Last week RDE writer Trevor Magnotti wrote a piece on a new camera system being placed underneath the hardwood floors of NBA arenas to further enhance how fans and journalists look at statistics. As Trevor pointed out, these statistics are available here.
Looking at this data a week (and three games) later, Kyrie Irving and Tristan Thompson still sit within the Top 10 of several of the nine statistical categories that the player tracking system measures. Now that Kyrie is getting back into the flow of things offensively and Tristan is still on track to log loads of minutes this season because no one is apt (yet) to hold down the power forward position off the bench for 20 or so minutes, we can get (somewhat) of a better look at the roles Irving and Thompson play in the Cleveland offense.
Tracking Kyrie via SportVU Data
Although no one is close to touching Point God in regards to touches per game (Chris Paul is averaging 103.9 touches and is absolutely shredding opponents in every category so far this season), Irving has climbed his way back up to third place with an average of 83.7 touches. It comes to no surprise, then, that Irving ranks fifth in the league in passes per game. Being more involved in sharing the ball, despite his tendencies as of late to control games offensively near the end, Kyrie has upped his APG to 8.0 through seven games this season. He’s sharing the ball a lot more, has reliable teammates and is rebounding at a much higher rate, so it comes to no shock that Irving is passing the ball almost 60 times per game.
A statistic that we may want to pay more attention to, though (as Trevor also pointed out), are the amount of chances that Kyrie has to assist compared to what percentage of passes he is actually producing points from. That would happen to be 55.9 percent, which isn’t horrible granted that Kyrie only ranks four spots higher in APG than he does in assist opportunities per game. To draw some comparisons, Paul is converting on 58.3 percent of his assist opportunities.
Now let’s take a look at drives–any touch that starts at least 20 feet of the hoop and is dribbled within 10 feet of the hoop and excludes fast breaks:
Kyrie Irving ranks fourth in drives per game (10.0) and seventh in player PPG on drives (6.1), but has only converted on 40 percent of his drives this season. As we saw at the end of the Philadelphia game on Saturday night, Irving has been struggling to get layups to fall as games come to a close. I don’t think that there is that much of a problem here other than just a slow start, so we should see his percentages when finishing shoot up on this site sometime soon.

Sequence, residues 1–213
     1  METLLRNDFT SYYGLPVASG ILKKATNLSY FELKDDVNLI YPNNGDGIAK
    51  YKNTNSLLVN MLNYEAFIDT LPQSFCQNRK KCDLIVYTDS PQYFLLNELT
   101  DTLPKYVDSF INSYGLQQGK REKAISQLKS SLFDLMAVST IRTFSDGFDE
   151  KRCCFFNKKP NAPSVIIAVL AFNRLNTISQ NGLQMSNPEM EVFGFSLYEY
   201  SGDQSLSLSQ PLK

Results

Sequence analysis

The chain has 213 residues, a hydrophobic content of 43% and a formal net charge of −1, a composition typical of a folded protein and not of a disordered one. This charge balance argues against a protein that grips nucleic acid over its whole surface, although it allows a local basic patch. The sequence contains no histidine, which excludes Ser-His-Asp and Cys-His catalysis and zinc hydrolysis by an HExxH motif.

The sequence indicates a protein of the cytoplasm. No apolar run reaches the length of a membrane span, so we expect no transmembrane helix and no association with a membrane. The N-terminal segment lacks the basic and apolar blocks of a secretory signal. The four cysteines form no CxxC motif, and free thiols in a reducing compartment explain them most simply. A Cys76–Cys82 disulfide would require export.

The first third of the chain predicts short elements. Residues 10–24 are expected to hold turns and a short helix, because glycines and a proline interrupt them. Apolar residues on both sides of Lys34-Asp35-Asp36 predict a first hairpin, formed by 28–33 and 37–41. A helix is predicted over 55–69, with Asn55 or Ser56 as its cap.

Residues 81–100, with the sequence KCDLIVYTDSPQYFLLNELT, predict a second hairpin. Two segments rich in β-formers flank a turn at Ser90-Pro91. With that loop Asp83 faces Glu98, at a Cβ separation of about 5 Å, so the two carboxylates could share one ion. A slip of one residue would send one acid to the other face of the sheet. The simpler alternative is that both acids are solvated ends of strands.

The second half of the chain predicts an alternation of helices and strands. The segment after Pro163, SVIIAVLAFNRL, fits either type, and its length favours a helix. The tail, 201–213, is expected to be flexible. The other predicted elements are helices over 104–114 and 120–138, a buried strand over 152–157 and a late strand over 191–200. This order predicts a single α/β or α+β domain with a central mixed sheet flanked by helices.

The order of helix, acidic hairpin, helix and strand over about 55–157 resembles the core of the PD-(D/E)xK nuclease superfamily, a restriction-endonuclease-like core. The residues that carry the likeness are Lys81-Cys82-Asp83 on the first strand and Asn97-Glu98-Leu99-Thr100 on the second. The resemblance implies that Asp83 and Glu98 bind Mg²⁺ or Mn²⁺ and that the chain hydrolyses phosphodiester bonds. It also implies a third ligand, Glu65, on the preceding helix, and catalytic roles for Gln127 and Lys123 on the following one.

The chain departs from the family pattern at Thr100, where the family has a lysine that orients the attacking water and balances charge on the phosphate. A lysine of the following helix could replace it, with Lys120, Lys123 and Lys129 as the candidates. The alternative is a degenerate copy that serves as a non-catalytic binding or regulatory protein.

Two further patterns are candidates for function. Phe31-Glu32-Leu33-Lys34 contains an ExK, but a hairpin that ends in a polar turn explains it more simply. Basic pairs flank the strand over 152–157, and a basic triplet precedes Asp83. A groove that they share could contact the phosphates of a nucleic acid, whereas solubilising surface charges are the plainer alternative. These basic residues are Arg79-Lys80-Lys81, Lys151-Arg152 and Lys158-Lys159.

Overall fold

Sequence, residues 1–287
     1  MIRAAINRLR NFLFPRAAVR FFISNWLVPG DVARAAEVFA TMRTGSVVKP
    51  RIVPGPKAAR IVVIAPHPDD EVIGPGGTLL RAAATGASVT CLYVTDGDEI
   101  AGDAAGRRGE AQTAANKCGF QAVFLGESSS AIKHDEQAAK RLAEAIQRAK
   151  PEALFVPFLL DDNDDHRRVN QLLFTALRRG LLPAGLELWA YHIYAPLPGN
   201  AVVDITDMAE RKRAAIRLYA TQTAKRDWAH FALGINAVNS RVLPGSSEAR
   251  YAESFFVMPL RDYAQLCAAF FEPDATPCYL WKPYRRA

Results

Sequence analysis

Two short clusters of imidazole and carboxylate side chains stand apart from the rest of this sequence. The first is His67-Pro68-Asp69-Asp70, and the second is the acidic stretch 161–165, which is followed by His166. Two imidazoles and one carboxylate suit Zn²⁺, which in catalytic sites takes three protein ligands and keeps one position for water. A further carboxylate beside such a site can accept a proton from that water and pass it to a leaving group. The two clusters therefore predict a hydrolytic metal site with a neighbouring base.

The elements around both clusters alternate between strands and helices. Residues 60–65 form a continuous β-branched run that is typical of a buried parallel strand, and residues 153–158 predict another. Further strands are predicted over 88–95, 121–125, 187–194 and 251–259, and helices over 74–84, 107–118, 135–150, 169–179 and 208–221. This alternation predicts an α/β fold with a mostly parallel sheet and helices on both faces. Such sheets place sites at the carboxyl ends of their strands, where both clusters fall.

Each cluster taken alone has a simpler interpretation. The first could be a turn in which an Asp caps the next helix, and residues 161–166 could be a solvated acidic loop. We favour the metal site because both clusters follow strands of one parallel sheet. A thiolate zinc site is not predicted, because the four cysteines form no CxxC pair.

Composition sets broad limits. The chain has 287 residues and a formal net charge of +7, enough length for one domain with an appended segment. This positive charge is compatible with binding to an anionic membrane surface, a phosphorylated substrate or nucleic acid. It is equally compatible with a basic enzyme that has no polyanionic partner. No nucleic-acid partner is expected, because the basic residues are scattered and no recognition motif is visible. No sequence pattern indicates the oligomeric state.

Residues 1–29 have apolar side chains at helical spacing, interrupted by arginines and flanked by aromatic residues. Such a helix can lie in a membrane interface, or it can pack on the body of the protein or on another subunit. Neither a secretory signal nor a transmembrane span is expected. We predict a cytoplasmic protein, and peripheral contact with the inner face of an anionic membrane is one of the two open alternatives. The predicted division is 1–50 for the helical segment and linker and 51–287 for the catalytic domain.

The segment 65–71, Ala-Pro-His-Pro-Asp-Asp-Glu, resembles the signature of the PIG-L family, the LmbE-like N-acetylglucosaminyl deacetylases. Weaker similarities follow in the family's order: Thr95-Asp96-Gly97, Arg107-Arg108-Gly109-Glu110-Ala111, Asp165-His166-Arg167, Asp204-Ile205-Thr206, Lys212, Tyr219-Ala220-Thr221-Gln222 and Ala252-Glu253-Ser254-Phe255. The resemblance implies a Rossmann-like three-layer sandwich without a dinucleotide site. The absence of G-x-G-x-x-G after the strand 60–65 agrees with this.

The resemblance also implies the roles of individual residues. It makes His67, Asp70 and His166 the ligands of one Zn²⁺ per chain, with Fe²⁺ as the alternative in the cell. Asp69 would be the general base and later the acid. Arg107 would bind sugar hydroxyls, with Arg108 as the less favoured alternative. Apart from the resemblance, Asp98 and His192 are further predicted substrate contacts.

Lastly, Irving ranks second in total points off of pull up shots–any jump shot outside 10 feet where a player took one or more dribbles before shooting–with 73 points and in pull up shots PPG (10.1). His PG buddy Stephen Curry ranks above him in this particular category.
Tracking Tristan via SportVU Data
Tristan is a little more interesting to look at than Kyrie, because I believe a lot of the numbers that indicate he is a top performer in a certain category are because of his 37.3 minutes per game (11th in the League). For example, Tristan ranks ninth in total rebounding (68), but ranks seventh in the NBA in rebounding opportunities (17.7). However, his 54.8 percentage of rebounds per chance indicates that he is no better a rebounder than he was last year. Little has changed about Thompson’s defensive game other than the fact that he looks more comfortable in his role. He still is getting beat up by the bigger players, much like last season.
Again, as Trevor pointed out in his article, the more minutes a player is logging per game, the higher he will be in the distance traveled rankings. The Cavaliers power forward ranks third in distance traveled per game (2.8 miles) and second in total distance traveled (19.4 miles). Tristan has been very active on the court this year, ranking first among those donning the Wine & Gold in minutes per game. It’s nice to see this trend of Tristan moving around on the court a lot, because that means he’s not struggling with pausing when going up in the paint.
Tracking the rest via SportVU Data
Here are some quick rankings of some other Cavalier players this season:
Anderson Varejao – 4th in elbow touches per game (11.1):
Varejao has expanded on his ever-growing offensive game, branching out to the side elbows and knocking down jumpers like its been his job his whole career. Keep up the great work, Andy.
C.J. Miles – 9th in points per touch (0.48):
It’s no surprise that Miles ranks so high in this department, but there are some things that should be pointed out. A lot of the players in this group see very little court time. There are four players ranking in the Top 10 that average over 20 minutes per game: Klay Thompson, Brook Lopez, Miles and Jodie Meeks. In catch and shoot situations–any jump shot outside of 10 feet where a player possessed the ball for two seconds or less and took no dribbles–Miles ranks fifth in total points with 48. This is a big reason why he has had so much success against defenses to start the season.
Alonzo Gee – 8th in average speed among players averaging double-digit minutes (4.6 mph):
There are a few players in front of Gee in the SportVU rankings who just have too small of a sample size to count in the rankings. With Gee re-entering the starting lineup in the previous game against the 76ers, we’ll see how much longer he remains in this category. Gee is, however, a very athletic and quick player, especially when driving to the hole, so as long as his game doesn’t suffer, I’m fine with the switch and with seeing Gee bolt down the court as a starter.